Catching up: the year in review

I have such good intentions with blogs, I really do. But life gets in the way, so very often. Last summer the garden picked up and I was too busy canning things to WRITE about canning things.

Last summer was very hot, and too rainy, but we still had a good year. I had plenty of tomatoes to can, mostly because of the varieties we chose. I love little salad tomatoes, and bought many seeds from Bakers Creek (www.rareseeds.com). We had buckets and buckets and buckets of red, orange, and yellow tomatoes of all sizes. I made a ton of salsa, and sauce, and even soup. It was GREAT having soup all year. It took about two days to put the soup together, and I made about 25 quarts. Many times over the year, I would be too tired to cook, and tadah! Delicious homemade soup at my fingertips.

When hunting season came around, Dad gave me four of the deer he killed to process. The other two went to hamburger and sausage. Canning deer was SO easy. I just chopped into cubes, stuffed raw into jars, and processed at 10 lbs in the pressure canner for 75 minutes (for pints). We use these in so many meals, but Mom has the best: she heats up the deer and its juice in the pan, adds a little flour and makes gravy to go with it. Delicious.

The corn last year was not so great, the crows ate it all. We only harvested enough for one meal. Tragically, it may have been the Best. Corn. Ever.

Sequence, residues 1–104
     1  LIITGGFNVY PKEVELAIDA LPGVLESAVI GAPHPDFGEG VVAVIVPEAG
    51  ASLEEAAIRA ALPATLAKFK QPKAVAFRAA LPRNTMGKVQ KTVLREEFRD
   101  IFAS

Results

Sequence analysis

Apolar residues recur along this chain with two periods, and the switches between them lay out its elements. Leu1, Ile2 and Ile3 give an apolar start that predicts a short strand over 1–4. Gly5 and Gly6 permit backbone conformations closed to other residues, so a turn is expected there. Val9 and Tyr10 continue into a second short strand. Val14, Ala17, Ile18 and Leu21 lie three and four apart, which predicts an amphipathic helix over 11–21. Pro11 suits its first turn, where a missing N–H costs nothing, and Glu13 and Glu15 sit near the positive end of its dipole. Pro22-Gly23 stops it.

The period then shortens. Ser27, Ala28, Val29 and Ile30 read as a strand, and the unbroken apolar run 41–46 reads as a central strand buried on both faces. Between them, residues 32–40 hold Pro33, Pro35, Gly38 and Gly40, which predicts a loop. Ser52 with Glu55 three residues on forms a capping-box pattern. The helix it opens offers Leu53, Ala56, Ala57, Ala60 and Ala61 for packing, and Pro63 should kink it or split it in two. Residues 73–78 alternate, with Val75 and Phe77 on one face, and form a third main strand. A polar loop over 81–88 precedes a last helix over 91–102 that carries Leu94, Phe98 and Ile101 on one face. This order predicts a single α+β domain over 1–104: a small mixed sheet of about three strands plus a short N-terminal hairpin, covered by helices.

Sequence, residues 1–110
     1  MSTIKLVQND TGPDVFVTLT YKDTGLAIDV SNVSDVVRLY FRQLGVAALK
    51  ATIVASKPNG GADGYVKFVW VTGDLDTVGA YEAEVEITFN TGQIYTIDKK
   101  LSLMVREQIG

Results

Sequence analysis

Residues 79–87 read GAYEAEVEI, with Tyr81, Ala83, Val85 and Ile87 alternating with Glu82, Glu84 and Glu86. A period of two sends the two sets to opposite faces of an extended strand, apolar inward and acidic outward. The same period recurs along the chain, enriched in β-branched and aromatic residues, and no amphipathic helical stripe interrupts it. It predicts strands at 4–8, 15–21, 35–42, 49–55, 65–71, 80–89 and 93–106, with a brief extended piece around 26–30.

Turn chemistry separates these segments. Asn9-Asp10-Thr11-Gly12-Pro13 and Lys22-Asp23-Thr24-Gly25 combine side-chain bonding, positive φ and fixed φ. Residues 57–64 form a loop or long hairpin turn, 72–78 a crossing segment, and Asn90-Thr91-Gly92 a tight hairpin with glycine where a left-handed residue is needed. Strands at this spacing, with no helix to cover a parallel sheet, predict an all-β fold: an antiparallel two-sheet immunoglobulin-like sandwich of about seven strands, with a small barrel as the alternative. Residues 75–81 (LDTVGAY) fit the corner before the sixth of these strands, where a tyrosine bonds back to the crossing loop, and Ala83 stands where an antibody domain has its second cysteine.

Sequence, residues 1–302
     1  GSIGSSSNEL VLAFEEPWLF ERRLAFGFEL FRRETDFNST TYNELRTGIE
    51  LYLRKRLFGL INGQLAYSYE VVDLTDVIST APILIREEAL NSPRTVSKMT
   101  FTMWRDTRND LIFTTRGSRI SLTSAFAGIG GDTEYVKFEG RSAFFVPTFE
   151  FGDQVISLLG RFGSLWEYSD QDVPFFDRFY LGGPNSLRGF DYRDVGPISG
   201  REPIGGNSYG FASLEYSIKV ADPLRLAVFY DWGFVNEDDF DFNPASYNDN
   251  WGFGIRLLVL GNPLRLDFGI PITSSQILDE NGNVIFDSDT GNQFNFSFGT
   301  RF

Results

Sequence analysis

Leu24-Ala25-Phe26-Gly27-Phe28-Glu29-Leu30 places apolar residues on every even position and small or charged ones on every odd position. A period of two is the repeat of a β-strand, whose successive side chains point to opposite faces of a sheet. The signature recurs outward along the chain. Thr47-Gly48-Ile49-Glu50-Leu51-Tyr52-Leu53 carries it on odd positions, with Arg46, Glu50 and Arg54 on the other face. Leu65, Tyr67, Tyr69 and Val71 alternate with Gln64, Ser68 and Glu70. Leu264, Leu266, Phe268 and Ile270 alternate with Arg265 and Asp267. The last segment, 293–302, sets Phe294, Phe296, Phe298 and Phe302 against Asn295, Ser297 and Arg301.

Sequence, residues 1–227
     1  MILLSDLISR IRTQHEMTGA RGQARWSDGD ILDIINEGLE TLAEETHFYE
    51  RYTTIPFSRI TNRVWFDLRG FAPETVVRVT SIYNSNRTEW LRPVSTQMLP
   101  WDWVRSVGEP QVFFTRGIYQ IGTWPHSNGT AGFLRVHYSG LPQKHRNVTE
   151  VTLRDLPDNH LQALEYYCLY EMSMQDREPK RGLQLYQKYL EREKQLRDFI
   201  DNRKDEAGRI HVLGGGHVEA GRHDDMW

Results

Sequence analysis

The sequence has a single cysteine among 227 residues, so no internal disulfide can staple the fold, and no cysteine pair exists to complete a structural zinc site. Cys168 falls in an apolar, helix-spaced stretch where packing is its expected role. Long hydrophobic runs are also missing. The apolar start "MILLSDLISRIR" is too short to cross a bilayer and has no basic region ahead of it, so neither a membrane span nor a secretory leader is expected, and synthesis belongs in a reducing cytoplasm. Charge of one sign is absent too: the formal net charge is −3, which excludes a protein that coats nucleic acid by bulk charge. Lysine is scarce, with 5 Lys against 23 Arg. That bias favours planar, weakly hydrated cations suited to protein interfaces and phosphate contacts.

We are increasing our food production and self sufficiency with chickens. Dad started with a few, and it now fluctuates between 50 and 75. We have LOTS of delicious eggs, plus we butcher a few. I have three in Freezer Camp now awaiting their trip to the Jar Resort. For chicken, I like to boil them in my 23 quart pressure canner with the lid off (then it becomes a giant stock pot) until the meat falls off the bones. I pull the meat off and stuff into jars, add some of the broth, and process just like the deer (75 mins pints, 90 quarts). Then, I return the bones to the pot and cook the broth down and can that. It is the best stuff ever, especially when you have the stomach virus.

2013 saw new additions to the farm as well. I purchased two miniature horse fillies, five and six months old at the time. Holly and Ivy have brought such joy to our lives; I don’t know how we have managed to live without them. In April, we added three year old gelding Tucker to the group, and the little herd is complete.

Ivy
All three babies
tucker

For the new garden year, we were even more ambitious, with three spots. The potatoes were amazing, and from 30 lbs of seed potatoes, we harvested 200 lbs! We had a much better corn year, though some of the ears were munched by the local wildlife. We still harvested a little under 200 ears. I froze 35, Mom cut a bunch off the cob and froze them in bags, but I still have 100 ears in the freezer waiting to go to the Jar Resort.

The tomatoes and peppers are ridiculous. We took seeds from last year to our local Amish greenhouse and asked them to start the seeds, offering to buy all the slips back. Well…ALL of the seeds came up, and we bought 100 slips of tomatoes, and 100 slips of peppers (pepperonchini, banana, green pepper, mini bells, cayenne, jalapeno, serrano).

Soon we will be disking up the plots that held the corn and potatoes. The squash is almost done, and though the tomatoes are still producing, we are going to plow up the yellow and orange tomatoes. The red will keep going. The fall crop will be going in soon, with turnips, and collards, broccoli and cabbage.

So that’s the last 12 months in a nutshell. šŸ™‚ The nice thing about life is there are always chances for fresh starts and new chances. Now that we’ve caught up, I can go back and write more detailed posts, and post more frequently with projects, ideas, and recipes!

Happy homesteading!

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